SAMUEL: Because he didn't believe in it. He didn't like trains.
He was finally told by the speaker of the assembly, "All
right. Do whatever you want to Mills's bill insofar as it affects
Los Angeles and Orange Counties."
L\BERGE: Is that where Ingalls was from?
SAMUEL: No, Ingalls was from Riverside. The bill created special districts
in Orange County, Los Angeles County, and San Diego County.
The speaker told Ingalls, "Do whatever you want in Orange
County to that bill, and in Los Angeles, but whatever Mills wants
in San Diego, he gets. I don't care what it is." That was because
[Assemblyman Leo] McCarthy had to deal with Mills on a variety
of issues and, as far as a trolley system in San Diego, who cares
about that when you're talking about all the other issues that you
have to deal with the pro tern on. It's unimportant. So
essentially, the word was that Mills was to get whatever he
wanted in San Diego, his hometown.
I remember Mills sitting in the office one night saying, "I
sure hope I'm doing the right thing." It is now probably the most
successful light rail system in the world, or at least in the United
States. At one point, it was paying for itself out of the fare box;
fare box recovery now exceeds 90 percent. You probably saw
when Pete Wilson had TV commercials when he was running for
governor, he said he delivered the train on time. Initially, Wilson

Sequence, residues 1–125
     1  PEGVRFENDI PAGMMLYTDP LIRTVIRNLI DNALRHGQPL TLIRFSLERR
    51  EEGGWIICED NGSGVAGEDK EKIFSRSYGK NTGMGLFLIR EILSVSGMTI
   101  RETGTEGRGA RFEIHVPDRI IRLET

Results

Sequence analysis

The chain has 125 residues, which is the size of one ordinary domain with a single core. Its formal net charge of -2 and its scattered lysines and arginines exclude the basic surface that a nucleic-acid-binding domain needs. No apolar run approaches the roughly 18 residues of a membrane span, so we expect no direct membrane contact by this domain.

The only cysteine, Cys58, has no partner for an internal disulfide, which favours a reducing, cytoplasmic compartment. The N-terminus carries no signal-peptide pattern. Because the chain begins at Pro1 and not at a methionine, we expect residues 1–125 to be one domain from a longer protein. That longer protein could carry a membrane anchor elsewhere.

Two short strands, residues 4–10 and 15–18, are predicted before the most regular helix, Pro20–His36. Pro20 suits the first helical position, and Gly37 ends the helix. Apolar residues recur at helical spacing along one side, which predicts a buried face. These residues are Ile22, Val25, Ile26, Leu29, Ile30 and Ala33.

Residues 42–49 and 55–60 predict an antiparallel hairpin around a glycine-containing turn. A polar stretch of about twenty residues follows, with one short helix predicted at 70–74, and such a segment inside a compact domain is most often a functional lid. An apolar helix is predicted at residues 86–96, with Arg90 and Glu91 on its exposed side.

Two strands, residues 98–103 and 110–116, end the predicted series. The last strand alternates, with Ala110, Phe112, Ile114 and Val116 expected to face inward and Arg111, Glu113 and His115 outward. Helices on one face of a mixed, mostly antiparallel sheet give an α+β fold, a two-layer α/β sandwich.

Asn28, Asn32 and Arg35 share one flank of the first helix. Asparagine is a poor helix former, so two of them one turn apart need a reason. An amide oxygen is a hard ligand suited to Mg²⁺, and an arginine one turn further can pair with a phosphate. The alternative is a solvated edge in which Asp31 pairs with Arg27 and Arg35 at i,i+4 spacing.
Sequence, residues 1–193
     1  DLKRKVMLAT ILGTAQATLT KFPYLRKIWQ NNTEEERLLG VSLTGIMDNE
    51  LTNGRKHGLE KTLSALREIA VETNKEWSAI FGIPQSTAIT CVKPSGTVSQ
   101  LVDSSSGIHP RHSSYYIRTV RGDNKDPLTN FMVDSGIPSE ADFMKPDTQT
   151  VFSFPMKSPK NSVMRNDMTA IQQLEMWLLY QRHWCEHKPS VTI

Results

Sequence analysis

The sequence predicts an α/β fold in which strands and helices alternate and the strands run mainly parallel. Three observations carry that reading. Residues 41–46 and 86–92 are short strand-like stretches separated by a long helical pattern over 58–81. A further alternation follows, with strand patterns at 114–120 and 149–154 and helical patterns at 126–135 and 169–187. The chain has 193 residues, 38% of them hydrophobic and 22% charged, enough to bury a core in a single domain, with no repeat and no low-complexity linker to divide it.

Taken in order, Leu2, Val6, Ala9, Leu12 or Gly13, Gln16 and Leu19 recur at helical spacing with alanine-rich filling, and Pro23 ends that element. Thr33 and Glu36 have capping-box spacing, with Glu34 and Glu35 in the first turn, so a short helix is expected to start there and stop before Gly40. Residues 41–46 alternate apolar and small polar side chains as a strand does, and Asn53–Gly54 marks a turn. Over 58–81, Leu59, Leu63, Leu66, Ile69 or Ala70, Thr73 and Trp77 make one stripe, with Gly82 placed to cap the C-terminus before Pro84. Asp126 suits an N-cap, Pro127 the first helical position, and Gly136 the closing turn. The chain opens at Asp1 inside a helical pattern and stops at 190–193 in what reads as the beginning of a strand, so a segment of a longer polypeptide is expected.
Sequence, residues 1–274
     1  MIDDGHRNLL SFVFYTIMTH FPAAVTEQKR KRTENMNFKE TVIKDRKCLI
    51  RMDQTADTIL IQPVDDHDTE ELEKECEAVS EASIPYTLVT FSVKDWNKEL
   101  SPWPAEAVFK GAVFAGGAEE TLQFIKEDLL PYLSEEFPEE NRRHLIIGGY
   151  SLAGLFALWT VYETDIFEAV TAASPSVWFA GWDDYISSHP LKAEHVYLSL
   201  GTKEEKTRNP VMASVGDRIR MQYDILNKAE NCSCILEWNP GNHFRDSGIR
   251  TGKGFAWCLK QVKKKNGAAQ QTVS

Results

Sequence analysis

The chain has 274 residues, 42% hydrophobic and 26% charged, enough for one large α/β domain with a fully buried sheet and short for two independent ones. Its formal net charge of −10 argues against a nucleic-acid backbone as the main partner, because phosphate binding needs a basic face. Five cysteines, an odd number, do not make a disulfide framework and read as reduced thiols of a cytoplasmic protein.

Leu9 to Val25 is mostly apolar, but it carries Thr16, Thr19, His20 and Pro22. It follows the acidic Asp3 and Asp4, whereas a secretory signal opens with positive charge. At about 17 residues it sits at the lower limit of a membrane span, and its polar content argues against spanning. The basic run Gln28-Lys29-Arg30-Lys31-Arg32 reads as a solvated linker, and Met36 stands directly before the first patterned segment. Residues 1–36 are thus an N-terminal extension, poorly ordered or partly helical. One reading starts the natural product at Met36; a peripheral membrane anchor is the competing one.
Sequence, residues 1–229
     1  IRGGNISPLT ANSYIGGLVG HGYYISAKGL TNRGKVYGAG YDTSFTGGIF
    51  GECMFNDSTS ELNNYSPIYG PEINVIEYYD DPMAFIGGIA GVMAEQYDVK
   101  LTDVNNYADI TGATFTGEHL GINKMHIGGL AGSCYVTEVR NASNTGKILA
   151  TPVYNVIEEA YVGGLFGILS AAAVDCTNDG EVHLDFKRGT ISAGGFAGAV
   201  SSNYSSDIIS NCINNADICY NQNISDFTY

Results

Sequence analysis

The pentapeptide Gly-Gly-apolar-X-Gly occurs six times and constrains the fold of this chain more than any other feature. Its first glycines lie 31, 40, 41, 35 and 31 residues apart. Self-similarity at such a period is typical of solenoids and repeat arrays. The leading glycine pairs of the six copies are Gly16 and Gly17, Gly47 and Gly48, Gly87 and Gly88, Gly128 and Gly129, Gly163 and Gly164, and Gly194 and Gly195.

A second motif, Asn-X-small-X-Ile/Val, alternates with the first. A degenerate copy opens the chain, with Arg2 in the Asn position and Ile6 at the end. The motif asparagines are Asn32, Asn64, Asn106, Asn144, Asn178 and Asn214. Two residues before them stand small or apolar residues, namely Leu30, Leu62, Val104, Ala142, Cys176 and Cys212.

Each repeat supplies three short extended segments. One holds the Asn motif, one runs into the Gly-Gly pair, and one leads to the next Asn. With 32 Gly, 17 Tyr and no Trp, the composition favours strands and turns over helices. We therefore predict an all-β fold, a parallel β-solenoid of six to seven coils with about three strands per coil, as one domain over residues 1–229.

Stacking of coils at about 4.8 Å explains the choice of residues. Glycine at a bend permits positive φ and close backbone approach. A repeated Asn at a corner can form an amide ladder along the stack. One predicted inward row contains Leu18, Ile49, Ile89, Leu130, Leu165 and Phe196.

opposed that legislation. A lot of people took credit for it. It
was really one person. Mills wanted it badly, and he got it.
Did he get it only for San Diego?
Just for San Diego. Mills is now chairman of the board that runs
the system, appointed by [Governor George] Deukmejian. But as
I said earlier, there's lines Mills will not cross over. They had the
dedication ceremonies for the system. Mills was single-handedly
responsible for it. He wanted it to be called a Light Rail System.
They named it the San Diego Trolley. Mills did not like the
name "trolley," and because it was being called a trolley, refused
to go to the dedication ceremony.
I remember calling him up and having a big argument,
saying, 'You've got to go. You were single-handedly responsible."
"If they're going to call it a trolley, I'm not going." Everyone else
was there taking credit for it. The man who was responsible,
Mills, would not go. When he took a position, he was
immovable at times. Those were good qualities and bad qualities.
But again, he was always true to himself.
LABERGE: Wasn't he on the board of directors for Amtrak?
SAMUEL: He was chairman of the board at one time.
LABERGE: OK. At the same time he was in the senate?
SAMUEL: The same time he was pro tern. He was chairman of Amtrak.
Chairman of the board.
L\BERGE: What other legislation did you present for him?
SAMUEL: There would be district bills, there would be any number of bills.
As I say, he didn't carry a lot of legislation. He carried some
district things, he carried the oral history legislation. And he
carried major transportation bills. Again, in '75, 101 created the